ok, here's one other question i've not seen truly answered-- if you go and do a custom profile for your printer, inks, paper, print driver settings, etc, either by yourself or from drycreek, is that better or worse than getting a RIP? I get that a RIP is more profiles for less money with less headache... I think I just answered my own question. That and you can set the various ink curves, GCR/UCR, etc, as if you were a prepress operator, which you can't do with a conventional print driver. - jw
I think that is a good question and one that I'm not totally sure of the answer to. But it went like this:
1) Let me try the freeware RIP first. I could download it and see what results were. Turned out I had a lot of trouble with it. Others have used it and reported good results although as I remember it the interface was primitive on a PC. Whatever. Next.
2) Download the IMAGEPrint Demo. Wow, they have a lot of profiles. That was easy to setup. Hey, guess what, these black and white prints look the way they should. Let's try some other profiles. Lets try the gray profiles. Man, not bad at all. I hate the idea of the dongle, but on the other hand, I like the business idea of the dongle, i.e. if you want the product, pay for it and allow them to do more research or even, God forbid, make money with a great product.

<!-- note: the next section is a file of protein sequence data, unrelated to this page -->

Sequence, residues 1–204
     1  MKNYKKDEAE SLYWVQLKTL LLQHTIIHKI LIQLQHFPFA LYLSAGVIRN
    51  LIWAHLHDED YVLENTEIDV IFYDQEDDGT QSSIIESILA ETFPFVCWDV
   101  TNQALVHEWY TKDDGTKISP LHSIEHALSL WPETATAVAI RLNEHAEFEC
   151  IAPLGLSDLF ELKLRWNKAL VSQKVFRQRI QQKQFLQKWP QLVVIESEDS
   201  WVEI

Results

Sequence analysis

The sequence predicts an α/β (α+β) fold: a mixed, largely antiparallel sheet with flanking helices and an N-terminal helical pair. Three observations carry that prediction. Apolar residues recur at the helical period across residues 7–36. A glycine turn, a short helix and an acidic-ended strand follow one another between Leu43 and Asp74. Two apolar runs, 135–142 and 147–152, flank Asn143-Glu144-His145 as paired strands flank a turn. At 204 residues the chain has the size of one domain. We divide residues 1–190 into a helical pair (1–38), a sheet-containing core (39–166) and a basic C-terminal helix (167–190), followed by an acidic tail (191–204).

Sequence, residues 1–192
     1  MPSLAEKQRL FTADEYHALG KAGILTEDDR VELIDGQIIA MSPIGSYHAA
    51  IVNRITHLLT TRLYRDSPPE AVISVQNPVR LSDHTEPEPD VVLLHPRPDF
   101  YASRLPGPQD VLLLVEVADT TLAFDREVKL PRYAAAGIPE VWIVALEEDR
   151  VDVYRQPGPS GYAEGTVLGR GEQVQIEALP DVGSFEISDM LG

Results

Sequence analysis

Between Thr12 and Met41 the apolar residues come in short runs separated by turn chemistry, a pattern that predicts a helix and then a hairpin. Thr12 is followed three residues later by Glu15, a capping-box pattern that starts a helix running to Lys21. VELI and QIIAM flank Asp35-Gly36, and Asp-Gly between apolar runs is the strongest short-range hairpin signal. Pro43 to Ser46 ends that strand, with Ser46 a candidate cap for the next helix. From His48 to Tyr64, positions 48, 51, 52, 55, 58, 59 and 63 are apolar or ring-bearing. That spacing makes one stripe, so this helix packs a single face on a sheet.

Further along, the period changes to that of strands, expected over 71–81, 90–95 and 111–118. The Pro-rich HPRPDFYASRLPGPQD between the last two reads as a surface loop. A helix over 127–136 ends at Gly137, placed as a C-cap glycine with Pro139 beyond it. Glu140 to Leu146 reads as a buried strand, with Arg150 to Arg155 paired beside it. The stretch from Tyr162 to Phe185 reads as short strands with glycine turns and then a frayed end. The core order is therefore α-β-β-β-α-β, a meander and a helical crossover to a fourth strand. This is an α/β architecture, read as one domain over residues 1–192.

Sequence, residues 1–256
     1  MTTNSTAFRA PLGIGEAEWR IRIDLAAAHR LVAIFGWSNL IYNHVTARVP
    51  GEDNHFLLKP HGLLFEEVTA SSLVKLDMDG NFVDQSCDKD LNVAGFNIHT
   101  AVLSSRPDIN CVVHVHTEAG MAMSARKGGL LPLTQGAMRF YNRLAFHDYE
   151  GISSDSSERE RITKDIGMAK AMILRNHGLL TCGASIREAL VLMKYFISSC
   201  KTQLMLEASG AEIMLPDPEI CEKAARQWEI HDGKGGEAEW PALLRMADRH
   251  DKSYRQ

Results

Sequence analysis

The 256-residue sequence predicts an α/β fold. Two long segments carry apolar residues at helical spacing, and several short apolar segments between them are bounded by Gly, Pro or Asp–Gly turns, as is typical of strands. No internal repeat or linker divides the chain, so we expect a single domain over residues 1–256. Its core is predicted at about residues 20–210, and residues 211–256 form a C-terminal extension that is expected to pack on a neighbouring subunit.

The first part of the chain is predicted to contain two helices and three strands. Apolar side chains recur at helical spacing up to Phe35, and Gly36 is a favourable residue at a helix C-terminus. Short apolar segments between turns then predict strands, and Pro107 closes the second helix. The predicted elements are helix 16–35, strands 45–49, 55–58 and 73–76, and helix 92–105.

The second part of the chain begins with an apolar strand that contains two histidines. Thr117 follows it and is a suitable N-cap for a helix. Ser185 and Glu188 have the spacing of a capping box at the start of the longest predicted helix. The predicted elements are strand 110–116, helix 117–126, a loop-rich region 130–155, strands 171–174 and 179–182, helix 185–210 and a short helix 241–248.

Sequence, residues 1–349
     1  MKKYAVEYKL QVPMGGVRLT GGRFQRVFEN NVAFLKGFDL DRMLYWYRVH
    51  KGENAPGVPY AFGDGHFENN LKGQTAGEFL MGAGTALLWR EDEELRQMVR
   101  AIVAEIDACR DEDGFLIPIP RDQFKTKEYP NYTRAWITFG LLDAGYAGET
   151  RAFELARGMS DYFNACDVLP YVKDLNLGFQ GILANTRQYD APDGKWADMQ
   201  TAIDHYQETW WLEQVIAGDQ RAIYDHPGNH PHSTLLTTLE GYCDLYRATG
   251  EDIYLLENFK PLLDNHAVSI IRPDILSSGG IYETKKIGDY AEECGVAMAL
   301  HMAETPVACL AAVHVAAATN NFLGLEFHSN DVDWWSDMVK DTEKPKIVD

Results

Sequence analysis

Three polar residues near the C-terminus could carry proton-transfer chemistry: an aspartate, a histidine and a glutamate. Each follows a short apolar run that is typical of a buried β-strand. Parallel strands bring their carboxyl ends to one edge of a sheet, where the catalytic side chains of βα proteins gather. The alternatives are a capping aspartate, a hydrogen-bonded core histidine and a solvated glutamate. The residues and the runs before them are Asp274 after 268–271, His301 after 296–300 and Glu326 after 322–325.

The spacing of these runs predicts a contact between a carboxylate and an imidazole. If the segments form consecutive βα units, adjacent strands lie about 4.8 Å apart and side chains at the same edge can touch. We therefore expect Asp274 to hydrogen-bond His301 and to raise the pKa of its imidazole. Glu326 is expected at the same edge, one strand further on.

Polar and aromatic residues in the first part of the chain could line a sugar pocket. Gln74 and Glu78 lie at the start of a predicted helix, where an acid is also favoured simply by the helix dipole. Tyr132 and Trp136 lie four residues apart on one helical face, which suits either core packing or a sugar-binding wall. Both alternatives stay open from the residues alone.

3) I could get hardware / software for making profiles but I can't really test it before hand, and does it mean I would need to make new profiles for each paper I use. And what if I switch printers later... Plus, does it really work? Dunno. OK, plunk the money down for IMAGEPrint...
In other words - I don't think I had much understanding of HOW the RIP did what it did, other than that it mixed the inks differently and maybe it put them on the paper with a different dithering. Also, you remember - this is after many years of experiments: first the Luminos Inks with the 1160. Then Luminos Inks with 1280. Then all sorts of quadtone photoshop curves of my own invention. MIS Inks. And I've probably forgotten something. But they all had various problems, ranging from clogging my poor printer to banding. So one thing that was a given was that I wanted to use the Epson Inks. The other thing that was a given was that I wanted to be able to print both color and b&w from the same printer. And that's how the RIP came into the picture.